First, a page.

- Fed Chairman Jerome Powell has the chance to fix the disconnect between the markets and the Fed, Mohamed El-Erian told CNBC.
- Forward guidance "has really been discredited under this Fed," according to Allianz's chief economic adviser.
- Global markets will be watching Powell's Jackson Hole speech set for Friday.
In a key week for US stocks, Federal Reserve Chairman Jerome Powell has the opportunity to get market investors on the same page as the central bank's agenda to bring down inflation that will likely be at the cost of short-term economic growth, economist Mohamed El-Erian said Monday.
The chief economic adviser at Allianz said in a CNBC interview that Powell has the chance to mend the "disconnect" on monetary policy between the market and the central bank this week at the Fed's symposium in Jackson Hole, Wyoming.
"Chair Powell has two choices: either to let that disconnect continue or try to resolve it. And if he tries to resolve it, he either resets the market's expectations or he acknowledges that the market is right because we're going to have a significant economic slowdown. It's going to be up to him," said El-Erian.
Powell on Friday is scheduled to speak at the economic symposium hosted by the Federal Reserve Bank of Kansas City. US stocks had surged this summer in a bear-market rally, fueled by an interpretation among many investors that Powell had signaled the Fed will pivot toward cutting interest rates as US economic activity slows down. The Fed is likely to raise interest rates again in September after hiking rates four times this year to tamp down hot inflation.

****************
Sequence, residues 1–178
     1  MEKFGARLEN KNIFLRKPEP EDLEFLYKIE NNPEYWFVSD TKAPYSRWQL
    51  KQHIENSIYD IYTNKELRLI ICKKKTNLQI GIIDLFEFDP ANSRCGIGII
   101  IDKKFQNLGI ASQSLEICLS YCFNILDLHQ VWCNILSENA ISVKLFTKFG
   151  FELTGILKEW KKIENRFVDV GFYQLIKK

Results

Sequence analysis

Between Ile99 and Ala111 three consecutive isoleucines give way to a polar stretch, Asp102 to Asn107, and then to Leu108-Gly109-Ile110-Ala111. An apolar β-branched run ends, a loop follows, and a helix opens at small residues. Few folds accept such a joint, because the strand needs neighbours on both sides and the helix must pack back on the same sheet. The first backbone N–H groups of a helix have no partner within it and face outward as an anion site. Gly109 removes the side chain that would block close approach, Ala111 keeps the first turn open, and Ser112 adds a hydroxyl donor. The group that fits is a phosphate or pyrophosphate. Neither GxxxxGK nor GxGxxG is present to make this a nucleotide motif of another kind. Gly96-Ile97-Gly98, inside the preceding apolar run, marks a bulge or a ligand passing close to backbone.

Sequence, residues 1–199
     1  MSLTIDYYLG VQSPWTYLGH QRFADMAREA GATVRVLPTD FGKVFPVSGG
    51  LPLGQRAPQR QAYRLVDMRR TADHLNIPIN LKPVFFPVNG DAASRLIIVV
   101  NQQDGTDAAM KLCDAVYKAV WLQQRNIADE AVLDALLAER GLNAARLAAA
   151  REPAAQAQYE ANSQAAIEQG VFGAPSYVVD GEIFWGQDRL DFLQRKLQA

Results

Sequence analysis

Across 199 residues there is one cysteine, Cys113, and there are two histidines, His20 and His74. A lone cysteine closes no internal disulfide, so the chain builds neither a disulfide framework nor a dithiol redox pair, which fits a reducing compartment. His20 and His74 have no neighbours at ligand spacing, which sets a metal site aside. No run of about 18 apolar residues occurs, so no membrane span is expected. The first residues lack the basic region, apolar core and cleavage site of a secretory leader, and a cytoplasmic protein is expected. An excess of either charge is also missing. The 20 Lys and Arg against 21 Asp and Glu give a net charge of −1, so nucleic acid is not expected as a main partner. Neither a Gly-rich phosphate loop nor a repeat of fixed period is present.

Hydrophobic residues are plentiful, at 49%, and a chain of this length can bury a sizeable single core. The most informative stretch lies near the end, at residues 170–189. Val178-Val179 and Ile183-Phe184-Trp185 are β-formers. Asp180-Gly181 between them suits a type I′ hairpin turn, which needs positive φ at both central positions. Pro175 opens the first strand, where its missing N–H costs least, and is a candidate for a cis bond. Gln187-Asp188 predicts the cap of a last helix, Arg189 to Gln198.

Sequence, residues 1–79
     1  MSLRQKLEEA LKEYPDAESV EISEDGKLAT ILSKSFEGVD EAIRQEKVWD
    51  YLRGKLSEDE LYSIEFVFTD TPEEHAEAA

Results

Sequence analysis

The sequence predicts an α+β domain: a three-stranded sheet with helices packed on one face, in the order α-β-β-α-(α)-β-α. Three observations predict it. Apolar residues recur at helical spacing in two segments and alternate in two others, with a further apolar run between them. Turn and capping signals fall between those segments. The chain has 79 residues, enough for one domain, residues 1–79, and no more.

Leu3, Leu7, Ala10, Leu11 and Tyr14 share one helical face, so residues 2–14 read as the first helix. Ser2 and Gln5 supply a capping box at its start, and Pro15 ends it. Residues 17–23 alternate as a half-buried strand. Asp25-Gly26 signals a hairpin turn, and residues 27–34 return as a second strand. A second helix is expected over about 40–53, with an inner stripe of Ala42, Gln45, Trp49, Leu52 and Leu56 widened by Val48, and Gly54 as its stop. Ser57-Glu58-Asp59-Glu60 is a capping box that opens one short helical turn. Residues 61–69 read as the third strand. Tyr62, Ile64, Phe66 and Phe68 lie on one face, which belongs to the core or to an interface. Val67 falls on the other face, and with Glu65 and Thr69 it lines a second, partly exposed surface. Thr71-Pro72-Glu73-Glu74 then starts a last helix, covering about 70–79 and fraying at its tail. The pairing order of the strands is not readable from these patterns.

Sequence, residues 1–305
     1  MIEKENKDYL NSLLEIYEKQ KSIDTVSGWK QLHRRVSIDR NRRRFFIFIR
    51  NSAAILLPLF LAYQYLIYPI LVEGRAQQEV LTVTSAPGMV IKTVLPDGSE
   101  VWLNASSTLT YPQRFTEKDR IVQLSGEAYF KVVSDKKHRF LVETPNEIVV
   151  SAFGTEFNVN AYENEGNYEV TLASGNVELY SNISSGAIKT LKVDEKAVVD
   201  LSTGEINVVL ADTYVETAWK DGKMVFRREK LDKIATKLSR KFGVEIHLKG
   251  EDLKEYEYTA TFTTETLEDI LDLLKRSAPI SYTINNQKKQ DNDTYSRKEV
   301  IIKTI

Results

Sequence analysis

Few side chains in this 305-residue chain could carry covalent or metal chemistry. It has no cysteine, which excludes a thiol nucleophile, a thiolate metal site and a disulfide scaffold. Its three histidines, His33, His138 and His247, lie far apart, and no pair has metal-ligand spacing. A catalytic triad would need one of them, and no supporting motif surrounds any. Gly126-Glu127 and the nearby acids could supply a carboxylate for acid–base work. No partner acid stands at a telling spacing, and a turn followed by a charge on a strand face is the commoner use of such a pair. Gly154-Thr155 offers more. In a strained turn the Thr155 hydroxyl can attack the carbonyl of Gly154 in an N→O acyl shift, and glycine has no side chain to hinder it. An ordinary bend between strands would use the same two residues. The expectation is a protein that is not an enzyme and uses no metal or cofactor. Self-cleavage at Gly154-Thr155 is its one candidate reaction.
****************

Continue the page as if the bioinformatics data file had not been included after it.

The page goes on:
Powell "should shy away from what I call spurious precision," said El-Erian. "I think forward guidance has really been discredited under this Fed. What he should come out and say is, 'I'm gonna do everything I can to put the inflation genie back into the bottle that is critical for our long-term economic well-being,'" the economist said.
The Fed chairman would need to acknowledge that such an inflation-fighting stance may result in a much weaker economy but that the hawkish moves would benefit the economy over the long-term, El-Erian said. "This other fairy-tale economics isn't helping anybody."
The US "has the potential to avoid a significant downturn if we get the policy right," said El-Erian, who is also chair of emerging-markets-focused Gramercy Fund Management.
There's also been a disparity in views on recession risks between commercial bank CEOs and economists at the financial institutions as each camp looks at economic activity in the US with different lenses.
"I think if it was just about the rest of the world, the recession calls will be all over the place. Europe is looking terrible and the further hike in gas prices is not going to help much. China is clearly struggling," he said. "So you get these incredible, disjointed messages from within the same institutions because they have different views about the US."
JPMorgan said Monday it expects the Fed to raise rates by 75 basis points at its meeting on September 20-21. Inflation in July rose 8.5%, cooling from 9.1% in June.
Powell is slated to speak at 10 am Eastern on Friday.